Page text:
September 21, 2012
The death of NFL Films legend Steve Sabol has prompted countless well-deserved tributes — with several showing off the beautiful game footage he was so great at capturing. The retro images have triggered many fond memories for me of watching games in the early ’80s, including barefoot kickers, single-bar facemasks and my very first introduction to sponsored content.
“Alcoa Fantastic Finishes” were little vignettes that aired during network TV broadcasts at the two-minute warning of each game. They tapped NFL Films highlights to tell the story of amazing comebacks. And they were immediately followed by a 30-second spot for Alcoa (Aluminum Company of America) promoting the benefits of aluminum cans.
I legitimately got excited for the “Alcoa Fantastic Finishes.” Seriously, I wasn’t going anywhere when the two-minute warning was approaching. And I’m certain I implored my parents to buy aluminum cans due to my appreciation for Alcoa.
But I’m fairly certain I wasn’t the target audience, so I did a little digging to see if the campaign was actually successful. A quick Google search turned up this 2010 article about Aloca’s first-of-its-kind sponsorship deal, which put the brand in front of millions of football fans at peak viewership times.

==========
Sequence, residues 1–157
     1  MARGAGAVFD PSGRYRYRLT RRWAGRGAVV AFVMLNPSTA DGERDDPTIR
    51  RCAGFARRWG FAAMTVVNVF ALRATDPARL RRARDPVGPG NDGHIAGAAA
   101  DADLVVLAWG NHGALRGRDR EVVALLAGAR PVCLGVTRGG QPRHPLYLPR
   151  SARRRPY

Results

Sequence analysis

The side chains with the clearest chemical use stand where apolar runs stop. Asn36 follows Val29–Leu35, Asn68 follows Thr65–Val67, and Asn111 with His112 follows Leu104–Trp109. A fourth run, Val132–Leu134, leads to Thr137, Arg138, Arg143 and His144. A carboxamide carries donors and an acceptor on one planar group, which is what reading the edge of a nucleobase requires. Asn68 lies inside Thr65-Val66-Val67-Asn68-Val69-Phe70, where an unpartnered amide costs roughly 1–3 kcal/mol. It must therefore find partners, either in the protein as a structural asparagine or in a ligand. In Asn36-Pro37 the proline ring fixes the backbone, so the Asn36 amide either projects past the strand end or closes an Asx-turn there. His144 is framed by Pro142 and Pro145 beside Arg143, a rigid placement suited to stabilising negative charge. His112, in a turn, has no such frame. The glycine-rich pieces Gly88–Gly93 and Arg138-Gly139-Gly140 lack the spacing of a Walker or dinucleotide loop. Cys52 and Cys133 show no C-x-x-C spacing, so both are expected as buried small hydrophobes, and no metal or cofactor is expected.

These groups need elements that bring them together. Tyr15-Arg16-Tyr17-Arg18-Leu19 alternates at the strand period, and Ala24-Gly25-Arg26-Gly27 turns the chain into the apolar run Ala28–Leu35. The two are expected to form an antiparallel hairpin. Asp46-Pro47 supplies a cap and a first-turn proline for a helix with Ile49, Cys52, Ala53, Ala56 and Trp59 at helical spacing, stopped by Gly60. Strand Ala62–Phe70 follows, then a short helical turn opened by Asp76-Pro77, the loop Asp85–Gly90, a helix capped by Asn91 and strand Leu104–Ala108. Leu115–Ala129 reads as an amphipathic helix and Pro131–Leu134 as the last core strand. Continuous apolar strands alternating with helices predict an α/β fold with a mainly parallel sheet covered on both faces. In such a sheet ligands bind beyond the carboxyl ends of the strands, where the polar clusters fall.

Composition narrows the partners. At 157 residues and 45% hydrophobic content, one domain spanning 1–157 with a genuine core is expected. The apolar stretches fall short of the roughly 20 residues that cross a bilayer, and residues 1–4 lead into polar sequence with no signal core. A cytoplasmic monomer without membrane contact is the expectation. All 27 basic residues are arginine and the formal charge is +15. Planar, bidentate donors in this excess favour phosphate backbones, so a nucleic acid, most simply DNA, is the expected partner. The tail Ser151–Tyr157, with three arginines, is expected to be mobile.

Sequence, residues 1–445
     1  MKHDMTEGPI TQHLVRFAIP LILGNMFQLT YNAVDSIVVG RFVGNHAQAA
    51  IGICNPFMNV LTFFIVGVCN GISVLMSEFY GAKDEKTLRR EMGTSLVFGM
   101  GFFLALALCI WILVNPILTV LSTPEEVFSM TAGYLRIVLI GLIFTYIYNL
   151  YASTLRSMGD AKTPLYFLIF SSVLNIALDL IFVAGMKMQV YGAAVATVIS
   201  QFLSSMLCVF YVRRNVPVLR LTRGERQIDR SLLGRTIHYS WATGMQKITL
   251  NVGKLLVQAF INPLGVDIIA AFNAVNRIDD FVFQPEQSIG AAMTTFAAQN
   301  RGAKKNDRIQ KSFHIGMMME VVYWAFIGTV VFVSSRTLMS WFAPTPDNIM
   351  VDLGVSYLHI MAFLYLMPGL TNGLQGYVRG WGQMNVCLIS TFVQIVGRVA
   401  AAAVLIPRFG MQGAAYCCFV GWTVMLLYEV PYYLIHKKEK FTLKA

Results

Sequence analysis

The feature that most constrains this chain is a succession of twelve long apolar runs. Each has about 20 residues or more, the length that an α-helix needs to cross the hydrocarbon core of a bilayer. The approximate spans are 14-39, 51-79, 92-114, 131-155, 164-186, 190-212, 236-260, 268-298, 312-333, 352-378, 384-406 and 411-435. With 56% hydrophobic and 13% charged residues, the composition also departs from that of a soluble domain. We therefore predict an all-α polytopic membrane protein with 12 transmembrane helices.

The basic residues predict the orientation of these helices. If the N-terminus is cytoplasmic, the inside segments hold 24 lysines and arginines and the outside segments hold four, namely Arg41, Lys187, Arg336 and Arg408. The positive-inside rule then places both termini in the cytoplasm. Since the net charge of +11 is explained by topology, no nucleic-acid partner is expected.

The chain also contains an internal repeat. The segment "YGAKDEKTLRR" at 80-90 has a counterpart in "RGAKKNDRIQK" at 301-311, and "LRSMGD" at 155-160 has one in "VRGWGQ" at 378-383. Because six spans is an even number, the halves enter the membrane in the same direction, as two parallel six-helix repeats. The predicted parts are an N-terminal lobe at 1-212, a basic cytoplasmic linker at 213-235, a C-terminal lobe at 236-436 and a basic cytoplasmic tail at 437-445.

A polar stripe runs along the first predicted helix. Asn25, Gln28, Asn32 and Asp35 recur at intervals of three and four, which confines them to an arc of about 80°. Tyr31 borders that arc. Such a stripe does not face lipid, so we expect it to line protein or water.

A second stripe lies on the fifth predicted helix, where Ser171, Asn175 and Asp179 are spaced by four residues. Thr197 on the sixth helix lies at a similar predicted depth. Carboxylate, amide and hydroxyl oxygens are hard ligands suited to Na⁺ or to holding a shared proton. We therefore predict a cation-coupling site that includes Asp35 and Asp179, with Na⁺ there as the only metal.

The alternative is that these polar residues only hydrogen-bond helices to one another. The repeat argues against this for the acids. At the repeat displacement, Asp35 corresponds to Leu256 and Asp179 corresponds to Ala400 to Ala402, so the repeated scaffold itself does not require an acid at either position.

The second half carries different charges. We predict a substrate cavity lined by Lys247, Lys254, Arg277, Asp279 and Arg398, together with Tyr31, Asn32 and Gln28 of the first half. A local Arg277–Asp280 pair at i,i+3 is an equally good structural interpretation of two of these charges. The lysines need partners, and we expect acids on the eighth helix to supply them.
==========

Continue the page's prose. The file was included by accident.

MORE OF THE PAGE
Interestingly, Alcoa had planned to buy the air time, but didn’t have enough budget to pay for the “Fantastic Finishes” vignettes and an Alcoa brand spot. Amazingly, they convinced the networks and the NFL that the Fantastic Finishes would enhance the viewer experience and they were included as part of the broadcast for free. Combined with the 30-second brand spot tagged on the end, it gave them 60 seconds of air time at the two-minute warning at half the cost.
Plus, this was a time when people were starved for highlights. There was no ESPN or NFL Network showing highlights 24/7, so it was cool to see these dramatic endings to classic games — particularly if your team was victorious (sadly, that’s not the case in the clip featured here).
According to the creators of the campaign, it increased awareness by 80 percent. And while the concept wouldn’t be as effective today for a number of reasons, they had a recipe for success that still holds true. If you offer consumers relevant, compelling content, they will accept your brand message as part of it. Done right, branded content is entertainment, not an interruption. Too often, however, marketers forget the relevant and compelling part.
Anybody else remember the “Alcoa Fantastic Finishes” as fondly as I do?